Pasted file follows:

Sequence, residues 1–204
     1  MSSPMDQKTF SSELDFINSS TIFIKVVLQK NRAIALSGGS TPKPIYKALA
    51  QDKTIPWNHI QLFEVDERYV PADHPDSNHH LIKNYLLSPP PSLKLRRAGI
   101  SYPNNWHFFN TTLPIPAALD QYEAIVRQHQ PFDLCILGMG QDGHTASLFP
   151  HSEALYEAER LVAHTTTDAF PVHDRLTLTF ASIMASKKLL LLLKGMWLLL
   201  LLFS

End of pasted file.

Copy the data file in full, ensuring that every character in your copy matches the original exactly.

Sequence, residues 1–204
     1  MSSPMDQKTF SSELDFINSS TIFIKVVLQK NRAIALSGGS TPKPIYKALA
    51  QDKTIPWNHI QLFEVDERYV PADHPDSNHH LIKNYLLSPP PSLKLRRAGI
   101  SYPNNWHFFN TTLPIPAALD QYEAIVRQHQ PFDLCILGMG QDGHTASLFP
   151  HSEALYEAER LVAHTTTDAF PVHDRLTLTF ASIMASKKLL LLLKGMWLLL
   201  LLFS